I have to two theories, which may both be true. First, a blog post makes entirely differently demands of its readers. It is generally short and self-contained. It may, certainly, be importantly related to some context, but the reader is expected to either recognize that context or just be serenely untroubled by the content of the post. The reader can, often, also engage directly with the post (in the comments) or might write a post on their own blog in response. There's something conversational and, therefore, ephemeral about the act of reading. You're just trying to understand the post well enough to respond within the hour. Or not. There's no presumption that you're going to have to spend a long time reflecting on the post, digesting it.

When writing books and papers, by contrast, I feel that I owe the reader a richly textured, multi-layered literary and intellectual experience. I am myself too often disappointed with books and papers that have too little content or too little form.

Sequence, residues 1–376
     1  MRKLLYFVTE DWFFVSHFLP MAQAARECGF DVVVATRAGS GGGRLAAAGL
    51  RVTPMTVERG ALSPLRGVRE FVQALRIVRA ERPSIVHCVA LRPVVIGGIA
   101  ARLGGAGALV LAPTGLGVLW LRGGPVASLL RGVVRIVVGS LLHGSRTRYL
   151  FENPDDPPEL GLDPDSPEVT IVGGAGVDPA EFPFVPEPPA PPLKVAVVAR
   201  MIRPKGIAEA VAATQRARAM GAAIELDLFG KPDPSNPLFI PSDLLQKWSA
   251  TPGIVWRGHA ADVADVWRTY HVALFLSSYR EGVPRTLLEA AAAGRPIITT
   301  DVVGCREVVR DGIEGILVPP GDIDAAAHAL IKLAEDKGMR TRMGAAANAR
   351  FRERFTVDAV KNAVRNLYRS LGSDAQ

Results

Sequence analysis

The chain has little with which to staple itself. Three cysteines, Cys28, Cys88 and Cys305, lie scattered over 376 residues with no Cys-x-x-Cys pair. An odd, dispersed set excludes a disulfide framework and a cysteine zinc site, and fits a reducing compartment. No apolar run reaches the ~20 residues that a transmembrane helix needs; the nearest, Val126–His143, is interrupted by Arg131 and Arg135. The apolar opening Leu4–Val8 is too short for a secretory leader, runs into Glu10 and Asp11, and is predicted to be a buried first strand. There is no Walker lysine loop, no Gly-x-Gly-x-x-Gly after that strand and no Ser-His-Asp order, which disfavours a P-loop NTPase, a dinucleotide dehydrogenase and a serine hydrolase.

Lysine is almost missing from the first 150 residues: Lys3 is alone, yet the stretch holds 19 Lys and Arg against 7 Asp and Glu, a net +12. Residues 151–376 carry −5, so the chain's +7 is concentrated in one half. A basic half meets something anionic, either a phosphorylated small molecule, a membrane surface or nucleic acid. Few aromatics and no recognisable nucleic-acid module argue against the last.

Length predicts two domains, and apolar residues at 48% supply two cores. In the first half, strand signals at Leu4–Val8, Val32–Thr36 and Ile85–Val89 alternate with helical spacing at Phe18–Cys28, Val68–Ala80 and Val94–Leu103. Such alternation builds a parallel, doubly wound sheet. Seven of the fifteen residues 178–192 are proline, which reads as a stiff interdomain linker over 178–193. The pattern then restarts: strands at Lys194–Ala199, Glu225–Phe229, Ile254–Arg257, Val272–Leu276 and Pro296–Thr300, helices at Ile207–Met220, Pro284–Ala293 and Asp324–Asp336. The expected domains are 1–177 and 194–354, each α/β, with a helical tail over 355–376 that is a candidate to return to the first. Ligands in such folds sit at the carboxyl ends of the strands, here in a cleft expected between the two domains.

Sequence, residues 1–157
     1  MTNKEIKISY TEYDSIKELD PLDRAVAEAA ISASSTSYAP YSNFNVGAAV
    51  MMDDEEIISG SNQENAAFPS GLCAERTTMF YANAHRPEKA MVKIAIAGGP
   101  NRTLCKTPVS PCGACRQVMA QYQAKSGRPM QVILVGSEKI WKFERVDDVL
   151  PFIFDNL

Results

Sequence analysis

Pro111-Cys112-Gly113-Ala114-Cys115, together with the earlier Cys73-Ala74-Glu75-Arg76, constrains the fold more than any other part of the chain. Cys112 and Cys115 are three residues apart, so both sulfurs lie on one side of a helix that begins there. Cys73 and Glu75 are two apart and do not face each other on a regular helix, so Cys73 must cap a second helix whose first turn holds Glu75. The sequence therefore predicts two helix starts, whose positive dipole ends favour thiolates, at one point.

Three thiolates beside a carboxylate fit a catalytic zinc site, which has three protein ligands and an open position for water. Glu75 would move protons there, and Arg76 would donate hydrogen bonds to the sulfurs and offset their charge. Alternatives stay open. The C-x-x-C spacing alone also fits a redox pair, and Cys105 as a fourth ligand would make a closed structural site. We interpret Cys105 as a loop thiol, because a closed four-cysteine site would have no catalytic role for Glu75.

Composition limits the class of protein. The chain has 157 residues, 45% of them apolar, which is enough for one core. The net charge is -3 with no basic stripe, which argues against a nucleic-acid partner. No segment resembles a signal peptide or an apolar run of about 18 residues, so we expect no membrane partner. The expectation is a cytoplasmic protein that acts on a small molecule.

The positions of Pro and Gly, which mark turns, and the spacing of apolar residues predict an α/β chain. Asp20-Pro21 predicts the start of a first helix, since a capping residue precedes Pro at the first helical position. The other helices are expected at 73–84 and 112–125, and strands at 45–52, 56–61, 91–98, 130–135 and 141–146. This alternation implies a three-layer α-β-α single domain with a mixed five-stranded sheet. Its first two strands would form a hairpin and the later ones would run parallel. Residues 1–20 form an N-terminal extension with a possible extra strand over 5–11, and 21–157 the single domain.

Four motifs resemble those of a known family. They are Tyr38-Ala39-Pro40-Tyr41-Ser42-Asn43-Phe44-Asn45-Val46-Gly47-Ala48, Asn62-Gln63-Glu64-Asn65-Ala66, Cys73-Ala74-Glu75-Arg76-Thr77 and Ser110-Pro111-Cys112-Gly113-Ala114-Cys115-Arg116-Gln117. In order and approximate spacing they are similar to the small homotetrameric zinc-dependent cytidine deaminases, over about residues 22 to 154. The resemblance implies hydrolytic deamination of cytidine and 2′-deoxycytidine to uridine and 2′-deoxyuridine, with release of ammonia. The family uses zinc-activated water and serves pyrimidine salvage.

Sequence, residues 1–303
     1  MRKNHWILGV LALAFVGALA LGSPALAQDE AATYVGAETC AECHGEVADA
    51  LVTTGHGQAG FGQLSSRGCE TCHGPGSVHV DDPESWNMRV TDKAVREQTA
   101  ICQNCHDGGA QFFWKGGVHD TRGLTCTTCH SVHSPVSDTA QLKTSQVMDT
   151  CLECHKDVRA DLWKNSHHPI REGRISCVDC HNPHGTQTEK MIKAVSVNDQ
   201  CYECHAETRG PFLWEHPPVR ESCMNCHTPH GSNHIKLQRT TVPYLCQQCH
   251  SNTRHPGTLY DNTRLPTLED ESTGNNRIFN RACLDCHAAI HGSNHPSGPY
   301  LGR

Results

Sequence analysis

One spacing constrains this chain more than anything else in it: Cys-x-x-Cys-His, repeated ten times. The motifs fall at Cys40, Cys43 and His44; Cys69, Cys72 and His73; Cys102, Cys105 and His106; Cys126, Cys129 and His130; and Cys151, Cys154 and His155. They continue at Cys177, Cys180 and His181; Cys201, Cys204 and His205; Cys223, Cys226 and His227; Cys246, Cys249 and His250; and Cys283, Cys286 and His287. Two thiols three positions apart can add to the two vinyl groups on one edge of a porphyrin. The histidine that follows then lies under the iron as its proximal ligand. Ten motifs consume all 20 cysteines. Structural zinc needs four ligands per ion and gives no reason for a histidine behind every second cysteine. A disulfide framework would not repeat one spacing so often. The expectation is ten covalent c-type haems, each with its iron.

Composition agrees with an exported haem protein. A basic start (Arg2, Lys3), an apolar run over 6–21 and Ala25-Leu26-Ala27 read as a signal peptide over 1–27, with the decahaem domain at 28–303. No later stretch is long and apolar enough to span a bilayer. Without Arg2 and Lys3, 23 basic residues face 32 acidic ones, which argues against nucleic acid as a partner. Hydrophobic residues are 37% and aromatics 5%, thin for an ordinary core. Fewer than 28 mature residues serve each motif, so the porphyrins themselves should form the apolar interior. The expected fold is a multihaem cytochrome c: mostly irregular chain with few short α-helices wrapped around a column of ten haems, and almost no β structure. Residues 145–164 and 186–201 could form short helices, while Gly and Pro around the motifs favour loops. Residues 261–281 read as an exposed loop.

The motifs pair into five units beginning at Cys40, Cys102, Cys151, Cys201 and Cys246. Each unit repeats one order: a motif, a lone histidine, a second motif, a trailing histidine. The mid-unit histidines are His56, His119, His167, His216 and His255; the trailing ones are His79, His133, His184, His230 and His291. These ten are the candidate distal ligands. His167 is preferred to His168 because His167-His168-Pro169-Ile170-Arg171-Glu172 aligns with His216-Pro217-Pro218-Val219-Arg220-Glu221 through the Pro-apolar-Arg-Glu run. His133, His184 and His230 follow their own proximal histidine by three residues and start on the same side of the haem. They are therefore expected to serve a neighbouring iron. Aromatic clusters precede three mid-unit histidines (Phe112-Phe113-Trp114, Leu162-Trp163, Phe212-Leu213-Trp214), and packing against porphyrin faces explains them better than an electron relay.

The second important difference between blog posts and other kinds of writing is that it is written directly to the reader. There is no editorial oversight. (This is absolutely crucial, in my mind, to the definition of a blog. I was recently approached about contributing to a collective blog but my interest was strongly dampened when I was told that each post would have to be approved before posting.) There are all kinds of good things to say about editorial oversight, but the whole point of blogging is to be able to speak your mind directly, without the task of getting it past someone. (There may always been an "implied editor", however.)